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Colleagues share memories of DVM killed in shark attack
Solana Beach, Calif. - Classmates and friends of retired DVM David Martin, killed recently in a shark attack not far from his Solana Beach home, remember him as modest, soft-spoken and confident, one describing him as "the essence of a successful Southern California veterinarian."
Solana Beach, Calif. — Classmates and friends of retired DVM David Martin, killed recently in a shark attack not far from his Solana Beach home, remember him as modest, soft-spoken and confident, one describing him as "the essence of a successful Southern California veterinarian."
"I nearly jumped from my chair, shocked when I heard the first news reports that it was a retired vet. I put two and two together and knew it had to be him," Dr. Joseph Zinkl, professor emeritus at the University of California-Davis School of Veterinary Medicine and one of Martin's former classmates, tells DVM Newsmagazine.
"I knew he lived in that area and was a swimmer," Zinkl says. "It wasn't long before several of us (classmates) were calling and e-mailing each other expressing shock and sadness at what happened and sharing our memories.
"He and I did a lot of backpacking in the Sierras in the early '60s as students. I was in rotation with him in class. He was modest, yet confident in his abilities. I remember he loved athletic competition and loved the water. He was always fit and active; I recall he was a goalie on the UCD water polo team at one point. He stayed in touch; we'd see each other regularly at reunions and meetings. The last time, I think, was at our 2006 class reunion."
An autopsy showed it was a great white shark that killed the 66-year-old retired veterinarian while he was swimming in the ocean near his home the morning of April 25.
The official cause of death was exsanguination, or blood loss, from a shark bite, according to the San Diego County Medical Examiner's office. A shark expert who assisted with the autopsy said two serrated-tooth fragments found in the body indicate the shark was a great white, perhaps up to 17 feet long.
Martin was bitten while swimming with eight other members of the Triathlon Club of San Diego in about 20 to 30 feet of water about 150 yards off Solana Beach, 14 miles northwest of San Diego.
Practicing for an upcoming triathlon, the swimmers were in the water about 7 a.m. when the shark struck from below, pushing Martin out of the water and then pulling him back under briefly.
Witnesses say they heard screams, and that Martin yelled "Shark!" apparently to warn the others, who then pulled him to shore, where efforts to save him failed. A county lifeguard said Martin suffered a massive bite across both upper thighs and extending to the lower shins.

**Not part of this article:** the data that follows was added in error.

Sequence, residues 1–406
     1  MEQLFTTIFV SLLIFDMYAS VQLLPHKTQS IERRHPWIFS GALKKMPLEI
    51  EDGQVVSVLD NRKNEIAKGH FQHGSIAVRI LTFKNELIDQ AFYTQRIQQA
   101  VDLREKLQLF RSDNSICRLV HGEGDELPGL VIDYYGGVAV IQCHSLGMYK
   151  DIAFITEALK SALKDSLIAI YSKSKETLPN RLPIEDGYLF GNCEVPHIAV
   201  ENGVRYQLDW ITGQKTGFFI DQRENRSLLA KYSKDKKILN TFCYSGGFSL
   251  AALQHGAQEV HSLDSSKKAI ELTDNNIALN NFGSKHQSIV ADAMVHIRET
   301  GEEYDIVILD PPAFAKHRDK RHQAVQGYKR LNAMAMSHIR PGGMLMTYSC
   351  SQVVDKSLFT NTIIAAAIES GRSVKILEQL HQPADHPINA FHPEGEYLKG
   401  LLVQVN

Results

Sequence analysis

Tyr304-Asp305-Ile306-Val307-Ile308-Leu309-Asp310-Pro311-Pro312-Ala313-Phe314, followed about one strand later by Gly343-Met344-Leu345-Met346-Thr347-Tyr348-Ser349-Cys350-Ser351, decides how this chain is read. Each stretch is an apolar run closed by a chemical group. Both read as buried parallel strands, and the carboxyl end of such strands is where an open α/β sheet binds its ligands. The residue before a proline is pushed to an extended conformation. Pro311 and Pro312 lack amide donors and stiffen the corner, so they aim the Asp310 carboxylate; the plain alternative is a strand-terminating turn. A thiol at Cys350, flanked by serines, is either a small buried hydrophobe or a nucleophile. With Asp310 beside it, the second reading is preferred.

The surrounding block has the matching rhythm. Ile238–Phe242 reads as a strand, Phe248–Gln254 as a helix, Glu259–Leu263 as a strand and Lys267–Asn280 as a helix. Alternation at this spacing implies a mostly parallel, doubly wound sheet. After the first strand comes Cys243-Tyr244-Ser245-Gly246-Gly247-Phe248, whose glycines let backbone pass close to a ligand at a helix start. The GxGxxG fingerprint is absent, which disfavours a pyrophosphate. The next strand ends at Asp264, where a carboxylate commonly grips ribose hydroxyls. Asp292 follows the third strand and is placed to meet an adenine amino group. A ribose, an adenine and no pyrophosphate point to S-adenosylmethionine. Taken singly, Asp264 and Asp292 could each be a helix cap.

'The essence of a successful Southern California veterinarian'
"David was quiet, soft-spoken, well-liked and respected by everyone who knew him. There have been many quotes to that effect all over the media since it happened, and they're all right on the mark," veterinarian Gary Rose, who owns Cabrillo Pet Hospital in nearby Point Loma, tells DVM Newsmagazine.
"He was what you might call the essence of a successful Southern California veterinarian — tall, blond, a rugged outdoorsman," says Rose, who knew Martin for about 30 years. "He did relief work for me for about the last eight years, but it was getting harder and harder to get him in here, he was so busy enjoying his retirement. Besides being a triathlete, he was a pilot and skier and we went deer-hunting together. I'm 58 and he was 66. I have to say I envied his lifestyle," Rose says.
Although he hadn't seen Martin in several years, another area veterinarian, Dr. Lou Serrano, owner of Solana Hills Pet Medical Center, says he formerly worked with Martin in San Diego and remembered him the same way — "a quiet but outgoing, friendly gentleman, always active and vital. I swim and surf myself, so it's quite unsettling to hear about an attack like this. It's an extremely rare thing, so I won't stay away from the water. But it's something you don't like to think about when you're out there."
Martin, described by fellow triathlon club members as more than 6 feet tall and weighing about 200 pounds, was taking his first ocean swim this year on the morning of the attack. He typically won events in his age group, they said.
Martin began small-animal veterinary practice in California in 1966 and had lived in Solana Beach since 1970. In the mid 1980s, he and another DVM, Michael Mulvany, opened All Creatures Animal Hospital near Del Mar. Martin sold his interest to Mulvany and retired in 1997, although he continued to do relief work for several area hospitals. Mulvany declined to comment.
Martin is survived by four children — Kevin, Jeff, Ben and Hannah — a stepson and four grandchildren.
Great white sharks, experts say, usually look for seals and sea lions for food and don't attack humans unless possibly mistaking someone wearing a wetsuit for a seal. Martin and his group were wearing wetsuits during their four-mile practice swim.
Although some shark bites are reported occasionally along California shores, none had been fatal since August of 2004, when a diver was killed in Mendocino County. There had been no fatal shark attacks in San Diego area waters since 1994.